An alarming report shows high levels of arsenic in babies who ate rice-based products. So should you skip them for your child?
For years the recommendation for babies' first solid food was rice cereal. Even though it's called "solid," it's actually pretty liquidy—not exactly the kind of cereal we'd eat for breakfast. That's so that it's easily digestible, a perfect first-try for baby's delicate tummy. But now, a new study from the U.S. National Institutes of Environmental Health Sciences (NIEHS) and the U.S. Environmental Protection Agency (EPA) has found the level of arsenic, a toxic substance known to be contained in rice, is higher in infants who eat rice cereal than those who don't.
High levels of arsenic
The study, published in the journal JAMA Pediatrics, sought to explore how much rice are babies eating, and what levels of arsenic they have in their system. The researchers looked at 759 babies, and followed up on their dietary habits every four months until 12 months old. "An estimated 80 percent of infants were introduced to rice cereal in their first year of life, with about 60 percent between four and six months of age, when solid foods are typically introduced," study author Margaret Karagas, Ph.D., of the Geisel School of Medicine at Dartmouth College in New Hampshire, tells Fit Pregnancy. "In the subset of infants whose urine we collected at one year of age, over half consumed some type of rice product in the past two days. A third reported eating rice snacks, and these were primarily products marketed to infants or toddlers." Most distressingly, "urinary arsenic concentrations of infants increased with the number of servings of rice or rice containing foods in the past two days." Levels of arsenic were twice as high in infants who ate rice products compared to those who didn't, with the highest in those who ate rice cereal.
OK, but everyone has some amount of arsenic in their system, so how bad is this, really? Data is lacking, but recently some groups have begun putting restrictions on safe amounts in rice products. This month, "the US FDA proposed a limit for inorganic arsenic in infant rice cereal of 100 ppb [parts per billion]," Karagas says. (Inorganic in this case doesn't mean how it's grown, but rather that it doesn't contain carbon.) "This follows the 100 ppb limit set by the European Union this past year for rice aimed at infants and young children." The current general recommended limit for rice set by the United Nations and the World Health Organization is 200 ppb.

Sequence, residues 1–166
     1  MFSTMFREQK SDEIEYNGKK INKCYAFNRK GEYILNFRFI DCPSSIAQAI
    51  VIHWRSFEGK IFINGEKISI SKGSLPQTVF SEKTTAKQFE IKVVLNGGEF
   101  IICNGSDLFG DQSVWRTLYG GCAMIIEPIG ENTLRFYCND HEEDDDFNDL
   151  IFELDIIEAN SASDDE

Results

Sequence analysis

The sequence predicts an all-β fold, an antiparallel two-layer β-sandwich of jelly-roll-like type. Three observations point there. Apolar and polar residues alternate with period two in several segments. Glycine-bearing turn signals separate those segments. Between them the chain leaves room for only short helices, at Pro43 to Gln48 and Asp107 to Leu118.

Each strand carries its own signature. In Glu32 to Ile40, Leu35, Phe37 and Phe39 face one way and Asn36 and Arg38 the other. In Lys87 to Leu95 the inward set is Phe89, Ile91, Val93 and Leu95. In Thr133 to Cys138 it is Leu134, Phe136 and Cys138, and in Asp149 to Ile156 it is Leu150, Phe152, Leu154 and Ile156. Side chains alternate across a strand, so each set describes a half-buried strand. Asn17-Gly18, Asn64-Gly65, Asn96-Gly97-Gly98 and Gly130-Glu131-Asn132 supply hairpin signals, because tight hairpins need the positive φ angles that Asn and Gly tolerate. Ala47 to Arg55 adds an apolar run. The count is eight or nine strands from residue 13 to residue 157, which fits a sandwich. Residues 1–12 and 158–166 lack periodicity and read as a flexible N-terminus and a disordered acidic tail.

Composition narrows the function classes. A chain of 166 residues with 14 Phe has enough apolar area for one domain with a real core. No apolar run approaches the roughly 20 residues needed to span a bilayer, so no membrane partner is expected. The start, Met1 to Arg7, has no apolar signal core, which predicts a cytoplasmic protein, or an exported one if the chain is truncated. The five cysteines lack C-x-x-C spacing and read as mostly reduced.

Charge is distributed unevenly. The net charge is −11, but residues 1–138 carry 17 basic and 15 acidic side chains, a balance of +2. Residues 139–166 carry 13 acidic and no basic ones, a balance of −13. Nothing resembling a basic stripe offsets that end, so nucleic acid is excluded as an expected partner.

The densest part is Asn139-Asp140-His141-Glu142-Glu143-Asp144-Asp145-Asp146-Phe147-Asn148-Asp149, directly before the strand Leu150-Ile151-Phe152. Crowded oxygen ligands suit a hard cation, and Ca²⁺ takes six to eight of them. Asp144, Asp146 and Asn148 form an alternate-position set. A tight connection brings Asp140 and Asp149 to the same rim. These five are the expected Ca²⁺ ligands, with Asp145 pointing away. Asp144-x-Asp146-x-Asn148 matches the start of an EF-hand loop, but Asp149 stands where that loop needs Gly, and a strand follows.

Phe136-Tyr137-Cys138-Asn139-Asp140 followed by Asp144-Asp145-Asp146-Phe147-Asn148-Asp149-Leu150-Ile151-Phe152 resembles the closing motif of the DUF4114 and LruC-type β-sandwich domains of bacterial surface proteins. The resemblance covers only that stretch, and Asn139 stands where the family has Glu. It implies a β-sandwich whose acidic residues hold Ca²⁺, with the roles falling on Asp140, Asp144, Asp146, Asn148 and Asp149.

The study didn't delve further into what exactly the safe threshold for infant rice consumption was; only that the more rice product the infants ate, the higher their arsenic level. "We knew rice cereal was a typical first food for babies—but we knew very little about how common it is to feed infants rice cereal in the U.S.," Karagas says. "From previous studies of adults and older children, we knew that urinary arsenic levels tended to be higher in rice eaters than non-rice eaters, [but] this hadn't been examined in young children. Our study sought to fill these important knowledge gaps."
Arsenic is a heavy metal that naturally occurs in groundwater in the earth. It can be absorbed by crops, and rice is particularly prone to soaking it up. "Rice grains can take up arsenic from their environment, especially rice grown in flooded patty fields," Karagas says. The FDA started testing arsenic in rice in 2013, and soon realized that relative to body weight, infants consume about three times more rice than adults. This is important because some research shows that arsenic can affect children's brain development. Arsenic is also a known carcinogen, and has been linked to miscarriage and birth defects.
Karagas is hesitant to offer specific recommendations against rice, only saying that, "The American Academy of Pediatrics recommends that children be introduced to a diverse diet with a variety of grains and textures." The FDA, likewise, says that it would be "prudent" to offer babies a mix of other iron-fortified cereals, including oat, barley and multigrain, instead of relying solely on rice-based products. Some baby food companies, though, say they are already complying with the FDA's proposed regulations (prompting some environmental groups to say that the new guidelines don't go far enough).
Advocates of baby-led weaning say that rice cereal is not necessary as baby's first food to begin with. Since the recommendation of when to start solids has been pushed back from four months to six, babies at that age can feed themselves by hand. So, proponents of this method say parents can skip the cereals and purees, and go straight to whole foods including vegetables, fruits, even meats—bypassing the rice debate all together.
Although the official guidelines aren't yet banning rice, they do suggest making sure your baby's diet is varied. More research is needed to come up with specific limits on how much rice is safe and how much isn't. In the meantime, whichever way you decide to feed your baby, try to promote a balanced diet to avoid overloading on any one food.